After just happening to re-visit this page (which I found by chance on GOOGLE), and having seen many of your responses for the first time since they were written in 2009, I apologize for not replying sooner regarding my question of needing a clear chemical conversion process for magnesium, which could have been used in the 1930's. However, at that time I was crazed with deadlines on the finishing of the magnesium body of my 1935 Bugatti Type 57SC COMPETITION "Electron" Torpedo, and finally hit on the appropriate answer!
By a strange quirk of fate, I met Mark Dye of EMI Quality Plating Service in Evansville, Indiana, who happened to also be a fellow vintage race-car aficionado, and who was willing to work with a nutty designer-engineer-racer-restorer! With his knowledge of a process developed in the 1930's in Germany for the Electroless Nickel Plating of Magnesium, we were able to solve all my problems of potential corrosion (even those involving rivets and bolts---by pre-drilling every hole before the plating process for these thousands of fasteners---to protect against electrolysis even on the inside edges of the holes!
I've now been able to drive this car since finishing it in 2013, under wet weather conditions on vintage car Rallies through the mountains of Scotland, Japan, Switzerland, and Colorado in the USA! (But only because of an extremely understanding wife who doesn't mind getting wet and cold driving in an open Bugatti at speeds of sometimes 100+ mph!)
Thanks again for all of your suggestions...and by the way, in the process of researching this project, I was finally able to prove without a doubt that it was, indeed, magnesium that was used on the few "Electron" Competition Bugattis in the 1930's...but that's a long and complicated story for another time!
JIM HULL [returning]
Retired Architect, Furniture Mfg'r, & classic automobile Racer, restorer, and collector. - Malibu, California, USA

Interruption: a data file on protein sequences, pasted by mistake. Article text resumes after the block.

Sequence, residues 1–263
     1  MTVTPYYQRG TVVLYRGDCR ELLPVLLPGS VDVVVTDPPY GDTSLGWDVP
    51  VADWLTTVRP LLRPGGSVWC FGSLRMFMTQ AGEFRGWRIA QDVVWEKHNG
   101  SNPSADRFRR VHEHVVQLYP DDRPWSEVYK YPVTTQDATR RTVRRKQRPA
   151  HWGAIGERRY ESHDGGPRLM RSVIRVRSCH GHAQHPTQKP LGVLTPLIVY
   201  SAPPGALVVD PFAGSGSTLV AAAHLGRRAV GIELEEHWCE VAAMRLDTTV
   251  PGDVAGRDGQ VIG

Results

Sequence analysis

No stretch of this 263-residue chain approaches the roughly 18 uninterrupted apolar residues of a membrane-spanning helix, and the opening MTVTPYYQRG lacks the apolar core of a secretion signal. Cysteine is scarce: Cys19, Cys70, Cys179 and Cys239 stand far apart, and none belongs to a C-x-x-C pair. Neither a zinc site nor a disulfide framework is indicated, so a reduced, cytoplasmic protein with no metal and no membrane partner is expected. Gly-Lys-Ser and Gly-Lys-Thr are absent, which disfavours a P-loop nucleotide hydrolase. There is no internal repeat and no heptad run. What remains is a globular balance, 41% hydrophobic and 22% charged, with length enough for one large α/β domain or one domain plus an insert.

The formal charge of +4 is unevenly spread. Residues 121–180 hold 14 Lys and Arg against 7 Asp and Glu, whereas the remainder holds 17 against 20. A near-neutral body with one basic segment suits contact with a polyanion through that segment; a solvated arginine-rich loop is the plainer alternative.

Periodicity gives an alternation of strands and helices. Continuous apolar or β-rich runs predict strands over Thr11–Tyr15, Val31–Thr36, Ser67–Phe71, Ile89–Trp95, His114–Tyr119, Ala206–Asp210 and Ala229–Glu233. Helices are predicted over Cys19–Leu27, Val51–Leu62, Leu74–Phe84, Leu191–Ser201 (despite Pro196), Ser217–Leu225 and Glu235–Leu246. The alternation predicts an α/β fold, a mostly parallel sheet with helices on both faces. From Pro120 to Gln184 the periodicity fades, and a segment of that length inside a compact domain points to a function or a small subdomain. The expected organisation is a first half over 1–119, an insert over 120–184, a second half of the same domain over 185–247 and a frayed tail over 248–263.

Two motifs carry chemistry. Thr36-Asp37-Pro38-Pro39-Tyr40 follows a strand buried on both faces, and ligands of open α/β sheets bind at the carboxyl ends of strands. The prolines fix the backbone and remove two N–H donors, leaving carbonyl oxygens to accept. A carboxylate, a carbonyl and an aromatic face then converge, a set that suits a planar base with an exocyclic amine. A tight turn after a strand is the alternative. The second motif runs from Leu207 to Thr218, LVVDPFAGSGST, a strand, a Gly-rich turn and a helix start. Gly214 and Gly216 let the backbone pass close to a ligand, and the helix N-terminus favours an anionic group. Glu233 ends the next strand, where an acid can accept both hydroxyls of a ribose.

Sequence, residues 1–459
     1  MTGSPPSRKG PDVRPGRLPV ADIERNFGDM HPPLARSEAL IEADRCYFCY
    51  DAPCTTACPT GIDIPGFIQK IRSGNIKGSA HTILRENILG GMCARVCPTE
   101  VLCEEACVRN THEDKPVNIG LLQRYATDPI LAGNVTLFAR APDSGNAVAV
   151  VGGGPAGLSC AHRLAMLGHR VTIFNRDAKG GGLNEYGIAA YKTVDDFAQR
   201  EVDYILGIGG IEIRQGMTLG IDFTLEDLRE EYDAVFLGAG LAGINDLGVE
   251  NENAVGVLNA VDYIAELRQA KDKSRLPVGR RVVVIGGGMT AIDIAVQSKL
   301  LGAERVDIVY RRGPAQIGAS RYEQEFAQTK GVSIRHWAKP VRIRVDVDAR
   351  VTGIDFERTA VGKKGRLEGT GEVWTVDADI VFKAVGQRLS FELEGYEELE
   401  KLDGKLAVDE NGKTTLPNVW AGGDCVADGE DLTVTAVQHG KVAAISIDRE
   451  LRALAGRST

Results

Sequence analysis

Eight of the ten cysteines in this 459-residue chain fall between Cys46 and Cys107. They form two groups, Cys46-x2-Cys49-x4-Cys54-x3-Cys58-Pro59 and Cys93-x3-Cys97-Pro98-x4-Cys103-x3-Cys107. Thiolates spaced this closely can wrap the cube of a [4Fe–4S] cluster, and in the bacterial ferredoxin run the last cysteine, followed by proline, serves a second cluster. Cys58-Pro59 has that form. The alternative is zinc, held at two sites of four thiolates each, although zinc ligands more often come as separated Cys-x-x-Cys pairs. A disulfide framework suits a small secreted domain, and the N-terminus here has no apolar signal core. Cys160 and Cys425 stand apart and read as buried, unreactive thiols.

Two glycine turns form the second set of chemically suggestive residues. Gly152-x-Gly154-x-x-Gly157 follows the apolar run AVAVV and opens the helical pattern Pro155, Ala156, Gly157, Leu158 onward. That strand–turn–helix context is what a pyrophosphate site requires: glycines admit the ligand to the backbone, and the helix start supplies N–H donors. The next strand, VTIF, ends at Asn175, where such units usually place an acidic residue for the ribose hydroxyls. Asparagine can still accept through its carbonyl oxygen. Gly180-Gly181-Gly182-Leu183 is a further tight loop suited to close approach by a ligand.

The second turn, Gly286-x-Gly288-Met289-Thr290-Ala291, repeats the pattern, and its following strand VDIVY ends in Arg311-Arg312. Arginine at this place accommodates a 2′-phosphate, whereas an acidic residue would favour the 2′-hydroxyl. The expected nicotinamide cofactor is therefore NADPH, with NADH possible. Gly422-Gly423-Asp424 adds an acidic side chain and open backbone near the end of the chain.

October 27, 2016
A. Hi Jim
Given the date and highest available technology of your car it is almost certain that the name derives from the metal elektron alloy. there is an unusually good article at en.wikipedia.org/wiki/Elektron_(alloy) =>
Elektron refers to a range of Mg/Al alloys.
The Magnesium Elektron company has changed ownership several times =>
but the current owners may still have records of the particular alloy used on the car. I would be surprised if they were not delighted to be associated with this wonderful car.
On the question of anti-corrosion jointing compounds, the aircraft industry uses barium chromate paste such as Duralac (there may be others)
October 27, 2016
Thank you, Geoff Smith, for your information on materials used in joining magnesium in the aircraft industry.
Regarding the UK company Magnesium Elektron, Ltd, I did work very closely with Dr. Bruce Davis their chief Metalurgist and now their V.P. of research and development. He was very helpful over the many years that it took us to get this project completed, and even supplied the correct alloy which would have been the same as they produced in 1935! And, I am lucky that his office is in the U.S., as well as where they warehouse magnesium sheet.
If you ever get to California, I'll have to give you a ride in this amazing automobile...but I may be bringing it to your country next year at Goodwood, where I hope to race it up their hillclimb course! Stay tuned...
- Malibu, California, USA
October 30, 2016
Thanks for the generous offer - I will not have to be invited twice!
I live only a short distance from Goodwood and tickets for next year went on sale yesterday. Let me know if you are coming and which day. I would offer to show you some of the local attractions but we have nothing to beat your car.